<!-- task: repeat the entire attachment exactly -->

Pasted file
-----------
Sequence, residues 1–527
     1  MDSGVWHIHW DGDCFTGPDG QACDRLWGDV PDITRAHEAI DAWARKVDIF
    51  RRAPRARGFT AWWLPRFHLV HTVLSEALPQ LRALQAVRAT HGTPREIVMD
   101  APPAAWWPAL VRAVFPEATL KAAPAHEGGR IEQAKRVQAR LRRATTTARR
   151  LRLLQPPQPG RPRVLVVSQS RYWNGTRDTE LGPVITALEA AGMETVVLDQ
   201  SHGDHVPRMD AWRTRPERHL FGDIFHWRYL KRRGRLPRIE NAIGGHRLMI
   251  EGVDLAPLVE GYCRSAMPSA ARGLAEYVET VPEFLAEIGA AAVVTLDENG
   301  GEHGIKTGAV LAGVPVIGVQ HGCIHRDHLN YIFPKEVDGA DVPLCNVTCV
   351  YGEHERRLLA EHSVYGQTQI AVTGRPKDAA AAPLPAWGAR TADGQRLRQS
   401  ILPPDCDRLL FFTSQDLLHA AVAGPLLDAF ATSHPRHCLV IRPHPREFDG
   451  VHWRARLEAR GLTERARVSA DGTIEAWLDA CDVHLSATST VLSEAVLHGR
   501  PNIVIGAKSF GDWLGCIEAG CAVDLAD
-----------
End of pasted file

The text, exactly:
Sequence, residues 1–527
     1  MDSGVWHIHW DGDCFTGPDG QACDRLWGDV PDITRAHEAI DAWARKVDIF
    51  RRAPRARGFT AWWLPRFHLV HTVLSEALPQ LRALQAVRAT HGTPREIVMD
   101  APPAAWWPAL VRAVFPEATL KAAPAHEGGR IEQAKRVQAR LRRATTTARR
   151  LRLLQPPQPG RPRVLVVSQS RYWNGTRDTE LGPVITALEA AGMETVVLDQ
   201  SHGDHVPRMD AWRTRPERHL FGDIFHWRYL KRRGRLPRIE NAIGGHRLMI
   251  EGVDLAPLVE GYCRSAMPSA ARGLAEYVET VPEFLAEIGA AAVVTLDENG
   301  GEHGIKTGAV LAGVPVIGVQ HGCIHRDHLN YIFPKEVDGA DVPLCNVTCV
   351  YGEHERRLLA EHSVYGQTQI AVTGRPKDAA AAPLPAWGAR TADGQRLRQS
   401  ILPPDCDRLL FFTSQDLLHA AVAGPLLDAF ATSHPRHCLV IRPHPREFDG
   451  VHWRARLEAR GLTERARVSA DGTIEAWLDA CDVHLSATST VLSEAVLHGR
   501  PNIVIGAKSF GDWLGCIEAG CAVDLAD